Delaying corn rootworm resistance to bt corn

Bruce E. Tabashnik, Fred Gould

Research output: Contribution to journalReview article

76 Scopus citations

Abstract

Transgenic crops producing Bacillus thuringiensis (Bt) toxins for insect control have been successful, but their efficacy is reduced when pests evolve resistance. To delay pest resistance to Bt crops, the U.S. Environmental Protection Agency (EPA) has required refuges of host plants that do not produce Bt toxins to promote survival of susceptible pests. Such refuges are expected to be most effective if the Bt plants deliver a dose of toxin high enough to kill nearly all hybrid progeny produced by matings between resistant and susceptible pests. In 2003, the EPA first registered corn, Zea mays L., producing a Bt toxin (Cry3Bb1) that kills western corn rootworm, Diabrotica virgifera virgifera LeConte, one of the most economically important crop pests in the United States. The EPA requires minimum refuges of 20% for Cry3Bb1 corn and 5% for corn producing two Bt toxins active against corn rootworms. We conclude that the current refuge requirements are not adequate, because Bt corn hybrids active against corn rootworms do not meet the high-dose standard, and western corn rootworm has rapidly evolved resistance to Cry3Bb1 corn in the laboratory, greenhouse, and field. Accordingly, we recommend increasing the minimum refuge for Bt corn targeting corn rootworms to 50% for plants producing one toxin active against these pests and to 20% for plants producing two toxins active against these pests. Increasing the minimum refuge percentage can help to delay pest resistance, encourage integrated pest management, and promote more sustainable crop protection.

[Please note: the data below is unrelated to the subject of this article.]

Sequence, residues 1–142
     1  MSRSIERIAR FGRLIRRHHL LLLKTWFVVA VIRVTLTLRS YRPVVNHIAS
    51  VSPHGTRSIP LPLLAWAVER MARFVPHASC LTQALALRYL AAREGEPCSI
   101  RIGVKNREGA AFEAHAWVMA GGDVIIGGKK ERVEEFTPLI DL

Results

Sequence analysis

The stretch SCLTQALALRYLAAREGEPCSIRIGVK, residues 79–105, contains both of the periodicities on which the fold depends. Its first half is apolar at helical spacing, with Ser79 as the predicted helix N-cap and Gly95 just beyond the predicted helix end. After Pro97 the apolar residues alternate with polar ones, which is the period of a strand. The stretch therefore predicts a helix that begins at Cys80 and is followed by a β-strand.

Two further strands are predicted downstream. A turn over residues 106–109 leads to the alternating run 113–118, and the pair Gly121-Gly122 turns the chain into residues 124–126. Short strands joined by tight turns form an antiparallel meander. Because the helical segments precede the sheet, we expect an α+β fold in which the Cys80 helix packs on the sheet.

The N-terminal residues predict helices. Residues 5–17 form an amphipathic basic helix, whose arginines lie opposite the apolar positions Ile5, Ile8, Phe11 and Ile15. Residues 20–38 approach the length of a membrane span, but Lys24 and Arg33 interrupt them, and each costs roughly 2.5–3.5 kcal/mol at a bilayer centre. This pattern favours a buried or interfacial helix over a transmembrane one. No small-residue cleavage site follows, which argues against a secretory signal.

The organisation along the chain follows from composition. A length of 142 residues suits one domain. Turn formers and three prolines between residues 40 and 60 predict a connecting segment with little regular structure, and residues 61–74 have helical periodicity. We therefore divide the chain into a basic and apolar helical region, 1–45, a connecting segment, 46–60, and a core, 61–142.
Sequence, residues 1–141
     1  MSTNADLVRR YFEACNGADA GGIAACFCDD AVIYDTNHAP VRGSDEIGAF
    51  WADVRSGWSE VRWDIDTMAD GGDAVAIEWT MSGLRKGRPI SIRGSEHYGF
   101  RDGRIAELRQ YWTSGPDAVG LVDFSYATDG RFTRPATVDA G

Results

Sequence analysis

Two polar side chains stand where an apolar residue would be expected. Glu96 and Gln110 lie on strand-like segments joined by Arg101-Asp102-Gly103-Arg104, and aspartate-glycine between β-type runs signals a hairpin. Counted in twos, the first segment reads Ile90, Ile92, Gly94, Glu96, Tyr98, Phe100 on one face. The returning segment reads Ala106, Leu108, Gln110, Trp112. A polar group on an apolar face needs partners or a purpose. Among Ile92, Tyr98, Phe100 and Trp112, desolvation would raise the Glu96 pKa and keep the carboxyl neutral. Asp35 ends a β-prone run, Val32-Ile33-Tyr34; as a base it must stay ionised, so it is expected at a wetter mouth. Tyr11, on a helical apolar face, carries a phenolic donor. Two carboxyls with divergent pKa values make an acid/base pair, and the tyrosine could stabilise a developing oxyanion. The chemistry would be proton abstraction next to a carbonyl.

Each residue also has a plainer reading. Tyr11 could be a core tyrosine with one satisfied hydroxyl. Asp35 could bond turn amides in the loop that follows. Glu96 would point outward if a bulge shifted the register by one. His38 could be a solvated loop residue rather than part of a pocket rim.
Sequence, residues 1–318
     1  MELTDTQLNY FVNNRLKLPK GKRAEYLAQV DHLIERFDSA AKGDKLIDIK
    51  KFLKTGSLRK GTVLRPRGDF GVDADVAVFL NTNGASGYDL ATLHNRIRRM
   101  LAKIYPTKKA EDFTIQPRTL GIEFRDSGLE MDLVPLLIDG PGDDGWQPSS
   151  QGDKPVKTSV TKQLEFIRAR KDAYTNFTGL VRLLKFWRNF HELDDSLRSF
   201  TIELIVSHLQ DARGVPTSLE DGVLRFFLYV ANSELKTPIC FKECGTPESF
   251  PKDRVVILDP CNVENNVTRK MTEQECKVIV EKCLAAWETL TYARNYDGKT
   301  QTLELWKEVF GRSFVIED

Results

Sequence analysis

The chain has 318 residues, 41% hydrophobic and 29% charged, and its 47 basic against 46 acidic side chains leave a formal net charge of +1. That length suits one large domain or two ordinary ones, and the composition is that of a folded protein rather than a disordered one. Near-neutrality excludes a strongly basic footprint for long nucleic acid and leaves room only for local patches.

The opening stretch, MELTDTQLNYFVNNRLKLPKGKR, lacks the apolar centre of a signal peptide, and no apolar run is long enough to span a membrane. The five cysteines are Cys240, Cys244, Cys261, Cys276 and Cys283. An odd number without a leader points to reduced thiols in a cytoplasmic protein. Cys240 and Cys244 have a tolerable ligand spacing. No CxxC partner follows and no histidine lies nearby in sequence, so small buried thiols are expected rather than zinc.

Original languageEnglish (US)
Pages (from-to)767-776
Number of pages10
JournalJournal of economic entomology
Volume105
Issue number3
DOIs
StatePublished - Jun 2012

Keywords

  • Bacillus thuringiensis
  • Diabrotica
  • genetically engineered crop
  • refuge
  • resistance

ASJC Scopus subject areas

  • Ecology
  • Insect Science

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